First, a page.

With a 20X you can expect more resolution (if its NA is bigger than the 10X, of course) and smaller field but when you increase resolution the interference colors of the diatom shells tend to disappear, typically with a 40X all are gone
Pau

Lou Jost
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Re: Diatoms

Post by Lou Jost »

Very micely done. I wish I could find "big" diatoms like those. Mine are barely visible even at 50x.

Macro_Cosmos
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Re: Diatoms

Post by Macro_Cosmos »

Pau wrote:
Thu Jul 30, 2020 2:17 pm
...However generally I see the use of 2 polarisers being called "polarised light", I suppose it doesn't necessarily imply full XPL at maximum extinction.
Just to clarify some concepts:
- With just one polarizer you have polarized light. With two you can play with the angle of the analizer relative to the polarizer.
- Again, crossed are crossed only when crossed, with the polarization plane of the light of both filters perpendicular. This is not my opinion but a well established principle.

With a 20X you can expect more resolution (if its NA is bigger than the 10X, of course) and smaller field but when you increase resolution the interference colors of the diatom shells tend to disappear, typically with a 40X all are gone
Yep, all colours are void at 40x, so might as well use a green interference filter for the best image quality.
Image
I have a shot at 100x too, the interference colours are pretty much desaturated, B&W ends up looking better.
Lou Jost wrote:
Thu Jul 30, 2020 3:07 pm
Very micely done. I wish I could find "big" diatoms like those. Mine are barely visible even at 50x.
I heard it really depends on location. There are some places with rather large diatoms, I've even heard claims of ones covering a fullframe sensor at 10x, which implies the thing is around 2.4mm! Now that's visible to the human eye for sure.

I'm gonna consult some diatomists on equipment necessary to make these slides. For starters, I think I'll need a somewhat decent centrifuge and a "clean room" kind of benchtop setup to make high quality slides. Even Klauss' slides contain dust and fibres. Some very high quality vintage slides are however (expensive) very clean. If someone in 1900 can do it, so can I.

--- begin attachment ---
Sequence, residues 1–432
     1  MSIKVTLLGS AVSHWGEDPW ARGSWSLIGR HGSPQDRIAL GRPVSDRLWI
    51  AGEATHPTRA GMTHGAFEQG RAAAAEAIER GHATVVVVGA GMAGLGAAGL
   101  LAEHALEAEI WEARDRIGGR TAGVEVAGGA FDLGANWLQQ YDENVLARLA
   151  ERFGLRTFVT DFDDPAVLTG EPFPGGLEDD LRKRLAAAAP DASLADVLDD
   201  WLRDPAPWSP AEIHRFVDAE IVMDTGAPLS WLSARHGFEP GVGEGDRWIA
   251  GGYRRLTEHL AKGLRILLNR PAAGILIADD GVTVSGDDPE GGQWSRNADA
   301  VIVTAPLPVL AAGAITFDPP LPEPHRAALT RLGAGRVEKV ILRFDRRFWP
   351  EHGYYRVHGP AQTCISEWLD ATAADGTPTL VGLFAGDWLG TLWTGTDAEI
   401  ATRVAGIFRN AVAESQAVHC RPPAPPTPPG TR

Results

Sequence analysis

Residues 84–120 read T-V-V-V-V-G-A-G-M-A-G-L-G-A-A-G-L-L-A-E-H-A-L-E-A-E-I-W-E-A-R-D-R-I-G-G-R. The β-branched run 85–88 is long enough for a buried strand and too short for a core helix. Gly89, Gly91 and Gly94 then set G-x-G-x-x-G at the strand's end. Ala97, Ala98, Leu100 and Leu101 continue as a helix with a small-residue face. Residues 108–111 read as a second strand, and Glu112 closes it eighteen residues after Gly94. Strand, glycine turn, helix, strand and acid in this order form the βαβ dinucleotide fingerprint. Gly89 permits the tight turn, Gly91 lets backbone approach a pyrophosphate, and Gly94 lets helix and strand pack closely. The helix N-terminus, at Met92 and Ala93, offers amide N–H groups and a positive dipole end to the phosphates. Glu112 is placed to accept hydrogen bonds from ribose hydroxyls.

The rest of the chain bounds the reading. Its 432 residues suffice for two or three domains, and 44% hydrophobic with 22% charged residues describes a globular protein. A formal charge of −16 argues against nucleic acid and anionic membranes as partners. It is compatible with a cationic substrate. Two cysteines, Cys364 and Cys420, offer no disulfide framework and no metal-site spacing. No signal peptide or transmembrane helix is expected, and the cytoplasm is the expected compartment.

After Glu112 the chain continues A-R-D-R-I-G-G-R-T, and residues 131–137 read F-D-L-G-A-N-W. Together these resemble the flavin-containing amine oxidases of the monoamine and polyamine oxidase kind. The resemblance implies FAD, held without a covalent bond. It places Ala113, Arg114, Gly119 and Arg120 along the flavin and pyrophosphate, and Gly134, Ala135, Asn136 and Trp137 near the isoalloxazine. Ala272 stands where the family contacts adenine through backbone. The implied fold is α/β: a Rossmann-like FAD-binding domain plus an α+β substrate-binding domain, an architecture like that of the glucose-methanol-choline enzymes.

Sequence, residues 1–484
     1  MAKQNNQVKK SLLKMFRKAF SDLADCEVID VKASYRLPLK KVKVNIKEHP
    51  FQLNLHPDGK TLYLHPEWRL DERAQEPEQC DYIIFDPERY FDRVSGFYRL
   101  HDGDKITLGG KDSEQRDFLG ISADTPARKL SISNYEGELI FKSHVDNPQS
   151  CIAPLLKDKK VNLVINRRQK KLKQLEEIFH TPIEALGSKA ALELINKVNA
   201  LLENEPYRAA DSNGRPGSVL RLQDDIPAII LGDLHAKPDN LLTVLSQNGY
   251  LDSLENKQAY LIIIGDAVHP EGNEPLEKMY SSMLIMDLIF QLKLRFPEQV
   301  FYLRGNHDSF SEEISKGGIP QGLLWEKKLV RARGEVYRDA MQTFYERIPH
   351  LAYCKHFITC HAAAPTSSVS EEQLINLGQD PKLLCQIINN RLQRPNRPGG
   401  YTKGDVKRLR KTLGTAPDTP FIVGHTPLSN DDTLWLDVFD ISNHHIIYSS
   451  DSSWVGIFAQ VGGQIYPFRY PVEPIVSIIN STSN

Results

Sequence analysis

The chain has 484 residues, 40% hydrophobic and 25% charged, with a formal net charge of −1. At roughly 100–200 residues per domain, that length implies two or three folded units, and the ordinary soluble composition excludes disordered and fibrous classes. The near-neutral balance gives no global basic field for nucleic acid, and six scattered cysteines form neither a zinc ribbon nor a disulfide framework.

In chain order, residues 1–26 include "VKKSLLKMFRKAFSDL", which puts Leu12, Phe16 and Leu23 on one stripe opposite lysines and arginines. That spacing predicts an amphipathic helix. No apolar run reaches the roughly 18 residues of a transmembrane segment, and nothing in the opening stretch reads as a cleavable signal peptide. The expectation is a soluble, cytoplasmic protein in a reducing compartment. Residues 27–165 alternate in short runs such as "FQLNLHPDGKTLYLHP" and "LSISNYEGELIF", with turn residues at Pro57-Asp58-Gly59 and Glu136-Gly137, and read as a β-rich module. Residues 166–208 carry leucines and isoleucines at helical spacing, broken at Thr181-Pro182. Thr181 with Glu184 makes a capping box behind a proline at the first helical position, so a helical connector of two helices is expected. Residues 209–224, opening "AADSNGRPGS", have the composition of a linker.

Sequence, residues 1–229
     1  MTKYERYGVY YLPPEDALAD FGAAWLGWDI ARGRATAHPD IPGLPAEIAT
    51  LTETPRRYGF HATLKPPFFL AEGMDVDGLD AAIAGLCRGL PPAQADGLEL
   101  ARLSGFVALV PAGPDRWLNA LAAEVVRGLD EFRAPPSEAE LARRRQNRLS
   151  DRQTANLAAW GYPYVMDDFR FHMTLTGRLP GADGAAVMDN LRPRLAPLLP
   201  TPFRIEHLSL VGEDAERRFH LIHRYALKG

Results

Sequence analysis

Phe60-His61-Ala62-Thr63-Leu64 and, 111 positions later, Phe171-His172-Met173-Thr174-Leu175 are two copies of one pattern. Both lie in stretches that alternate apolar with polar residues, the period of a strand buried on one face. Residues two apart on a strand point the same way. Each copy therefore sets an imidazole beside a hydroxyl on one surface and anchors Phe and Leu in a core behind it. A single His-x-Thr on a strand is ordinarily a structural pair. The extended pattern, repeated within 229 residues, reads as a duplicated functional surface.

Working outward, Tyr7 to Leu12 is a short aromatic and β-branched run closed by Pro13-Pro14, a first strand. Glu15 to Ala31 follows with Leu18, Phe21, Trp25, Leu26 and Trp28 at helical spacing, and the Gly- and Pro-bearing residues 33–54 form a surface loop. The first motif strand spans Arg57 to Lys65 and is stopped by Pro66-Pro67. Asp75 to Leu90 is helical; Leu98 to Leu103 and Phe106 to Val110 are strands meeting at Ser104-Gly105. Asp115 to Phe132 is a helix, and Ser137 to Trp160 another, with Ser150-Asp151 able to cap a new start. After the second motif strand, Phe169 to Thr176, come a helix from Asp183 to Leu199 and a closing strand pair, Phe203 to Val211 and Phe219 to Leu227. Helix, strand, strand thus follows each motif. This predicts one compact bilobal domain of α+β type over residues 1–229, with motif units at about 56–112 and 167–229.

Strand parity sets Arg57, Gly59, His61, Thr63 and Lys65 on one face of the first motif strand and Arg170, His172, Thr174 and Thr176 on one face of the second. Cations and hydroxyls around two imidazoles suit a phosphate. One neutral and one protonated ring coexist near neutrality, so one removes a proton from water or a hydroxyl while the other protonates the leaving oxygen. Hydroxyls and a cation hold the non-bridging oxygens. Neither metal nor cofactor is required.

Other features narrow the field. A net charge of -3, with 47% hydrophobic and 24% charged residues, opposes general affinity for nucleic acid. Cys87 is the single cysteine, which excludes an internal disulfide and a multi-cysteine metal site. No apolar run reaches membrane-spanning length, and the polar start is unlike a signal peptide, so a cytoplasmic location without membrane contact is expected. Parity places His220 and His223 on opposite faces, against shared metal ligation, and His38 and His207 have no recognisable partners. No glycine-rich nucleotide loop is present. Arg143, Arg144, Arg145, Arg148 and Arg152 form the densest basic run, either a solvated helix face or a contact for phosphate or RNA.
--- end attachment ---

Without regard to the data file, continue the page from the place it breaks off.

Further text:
Lou Jost
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Re: Diatoms

Post by Lou Jost »

Do you know what kind of environment these diatoms come from? Are they aquatic or terrestrial? Maybe that has something to do with size.

hkv
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Re: Diatoms

Post by hkv »

That is a very nice set of diatoms! Always amazing to see how much variety there is among diatoms.

Macro_Cosmos
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Re: Diatoms

Post by Macro_Cosmos »

Lou Jost wrote:
Fri Jul 31, 2020 5:49 am
Do you know what kind of environment these diatoms come from? Are they aquatic or terrestrial? Maybe that has something to do with size.
Unfortunately not. Maybe someone can identify those diatoms. They are prepared for rather "artistic" purposes.
Stefano from diatomlabs sell prepared slides where the diatoms are mounted directly under the coverslip for the best image quality.
http://www.diatomshop.com/buy-now.html
He does provide ID and origin for these diatoms. All I know is that diatoms come in nice shapes, and they are important, and they can survive even the worst environments.

Actinoptychus heliopelta from Dunkirk, Maryland, USA, for example can be rather large. I'm going to buy some slides from him for photomicrography in the future.

Lou Jost
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Re: Diatoms

Post by Lou Jost »

Actinoptychus heliopelta from Dunkirk, Maryland, USA, for example can be rather large.
Do you know if that would be a terrestrial one or an aquatic one?